February 24, 2008
After putting it off for several months, I finally went ahead and bought a new iMac while I was in Northern Virginia last weekend. My niece Cathy and I shopped at the Apple Store in Clarendon, which was very crowded as usual, but there were plenty of helpful and knowledgeable Apple employees to answer our questions. It was the first time I had seen the new ultra-light MacBook "Air," which fits in a manila envelope. My only gripe about the Apple Store is that you now have to ask to get a paper receipt; otherwise, they just send you the receipt via e-mail.
As for the latest generation of iMacs, the brushed aluminum body is really impressive -- solid yet light-weight. (My old iMac "Flower Power" version with the cathode ray tube monitor weighs two or three times as much!) The new iMacs are also extremely quiet, so much so that I can't even tell when the hard disk is running. The enormous 20-inch screen is incredibly sharp, but it takes a lot of mouse rolling to move the cursor all the way across. I would have preferred the older 17-inch version, which is no longer sold. Like everything else in America these days, the once-compact iMacs are now "super-sized." Perhaps the biggest internal difference compared to my earlier Macintoshes is that this is the first model with an Intel microprocessor -- a 2.4GHz Dual Core, to be precise, nearly five times the clock speed of my old iMac. I haven't noticed that much difference in terms of how fast my applications run, however, perhaps because they are older versions that were designed to run on Motorola PowerPC microprocessors. Time to upgrade!?
Transferring files from my old iMac to the new one (with a FireWire cable) went extremely smoothly, except for a glitch with my e-mail archives. I half expected that, because my Mail program had crashed and burned twice over the past year or so, probably because of corrupted files. Everything is running quickly and smoothly now. Another hurdle for me was activating PHP and SSI in the Apache Web server software, which is what lets me do Web site development work. I had to scratch my head and locate some long-lost "how-to" papers, but I finally managed to get the job done. My first attempt to connect to the Internet failed because I didn't realize you have to turn off the cable modem so that it can reset itself. After that was done, "no problemo." Another cause of concern was the increasingly erratic behavior of the cursor on the screen: I would be moving the mouse one way, and all of a sudden the arrow would leap to the other side of the screen. I tried using different USB ports, and even tried the old iMac's mouse, and yet the same thing kept happening. I had a sickening feeling that it was a major hardware issue, but thankfully the Apple tech support guy offered a useful suggestion: changing the mouse pad. Bingo! For some reason, the new slick mouse pad I got from Nebraska Public Television did not get along with the new iMac's mouse, but my 21-year old mouse pad works just fine. Go figure...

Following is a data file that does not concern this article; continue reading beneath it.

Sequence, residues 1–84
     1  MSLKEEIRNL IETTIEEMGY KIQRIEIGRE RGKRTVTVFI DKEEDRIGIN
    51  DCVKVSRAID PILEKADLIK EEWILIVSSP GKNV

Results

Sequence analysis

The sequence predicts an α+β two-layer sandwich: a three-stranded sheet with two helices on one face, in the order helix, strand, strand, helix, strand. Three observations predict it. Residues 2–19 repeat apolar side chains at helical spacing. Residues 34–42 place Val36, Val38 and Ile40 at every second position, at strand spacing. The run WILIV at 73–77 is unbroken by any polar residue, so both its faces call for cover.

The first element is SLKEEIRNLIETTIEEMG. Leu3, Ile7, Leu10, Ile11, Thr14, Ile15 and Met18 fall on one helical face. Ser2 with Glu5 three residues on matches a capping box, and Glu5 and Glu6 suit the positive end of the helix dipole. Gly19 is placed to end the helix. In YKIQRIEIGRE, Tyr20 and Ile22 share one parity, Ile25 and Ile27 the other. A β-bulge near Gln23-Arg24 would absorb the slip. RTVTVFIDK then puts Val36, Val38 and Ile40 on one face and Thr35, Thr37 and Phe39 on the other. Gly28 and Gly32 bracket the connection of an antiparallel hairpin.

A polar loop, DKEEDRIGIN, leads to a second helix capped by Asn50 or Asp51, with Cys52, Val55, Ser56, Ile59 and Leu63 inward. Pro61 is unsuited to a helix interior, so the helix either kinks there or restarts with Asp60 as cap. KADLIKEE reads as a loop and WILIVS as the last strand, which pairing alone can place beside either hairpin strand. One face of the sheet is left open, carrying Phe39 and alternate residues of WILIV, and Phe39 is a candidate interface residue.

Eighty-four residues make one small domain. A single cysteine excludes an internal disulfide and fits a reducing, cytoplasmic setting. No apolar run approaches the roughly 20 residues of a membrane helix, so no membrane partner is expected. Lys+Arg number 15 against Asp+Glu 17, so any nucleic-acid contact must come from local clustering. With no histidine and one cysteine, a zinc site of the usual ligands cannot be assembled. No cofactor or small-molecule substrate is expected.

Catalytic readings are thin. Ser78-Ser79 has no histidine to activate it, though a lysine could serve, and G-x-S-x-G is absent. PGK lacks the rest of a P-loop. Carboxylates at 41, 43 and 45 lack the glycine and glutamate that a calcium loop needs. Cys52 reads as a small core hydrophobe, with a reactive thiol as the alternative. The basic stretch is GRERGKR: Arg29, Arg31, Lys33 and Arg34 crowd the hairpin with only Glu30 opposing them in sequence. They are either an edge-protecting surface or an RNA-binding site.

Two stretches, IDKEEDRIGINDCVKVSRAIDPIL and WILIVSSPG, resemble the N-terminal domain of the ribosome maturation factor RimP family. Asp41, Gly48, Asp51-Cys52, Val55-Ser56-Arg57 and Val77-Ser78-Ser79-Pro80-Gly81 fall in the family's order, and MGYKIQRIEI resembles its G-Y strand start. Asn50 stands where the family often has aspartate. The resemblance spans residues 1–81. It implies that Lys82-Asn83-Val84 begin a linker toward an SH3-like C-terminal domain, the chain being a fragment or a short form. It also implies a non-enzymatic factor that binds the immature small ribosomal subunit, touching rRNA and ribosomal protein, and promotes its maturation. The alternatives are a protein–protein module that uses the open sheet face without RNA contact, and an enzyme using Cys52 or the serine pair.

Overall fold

So what's the deal about "Seven-year itch"? Well, it just happens that I have bought a new Macintosh in almost precise seven-year intervals ever since I brought home my Macintosh Plus 21 years ago. (How times flies!) The table below compares the technical specifications of each model I have owned:
|Model||RAM||Speed||Hard disk||When bought|
|Mac Plus||1 + 2.5 MB||8 MHz||0 + 20 MB||Jan. 1987|
|Power Book 150||4 MB||33 MHz||80 MB||Sept. 1994|
|iMac G3 "Flower Power"||64 + 256 MB||500 MHz||20 + 156 GB||Mar. 2001|
|iMac Intel "Aluminum"||1 GB||2.4 GHz||320 GB||Feb. 2008|
NOTES: The "plus" figures refer to upgrades after the original purchase, including peripheral hard drives.
So, compared to my Mac Plus, my new Mac is (approximately) 300 times as fast, has one thousand times as much memory, and 16,000 times as much hard disk storage space! (Actually the Mac Plus had no hard disk at all; I'm counting the 20 MB "MacBottom" I bought a few months later.) If you include the $800 cost of the peripheral device upgrade in the purchase price of the Mac Plus, even the most expensive version of new iMac costs significantly less. Just a reminder to you folks from Rio Linda: Anyone who thinks they are getting a better deal buying a Windows PC because they are cheaper is kidding themselves. The enhanced functionality, reliability, and ease of use of Macintoshes far outweighs the price difference. Note that I still have all four of my old Macs, and even after all these years, they still boot up and function properly. Believe it ... or not!
What about software? In coming days I will have much, much more to say about Apple's iWork productivity suite and about the new Mac OS X 10.5, a.k.a. "Leopard." For now, suffice it to say that some of the features are absolutely awesome, beyond what I could have imagined.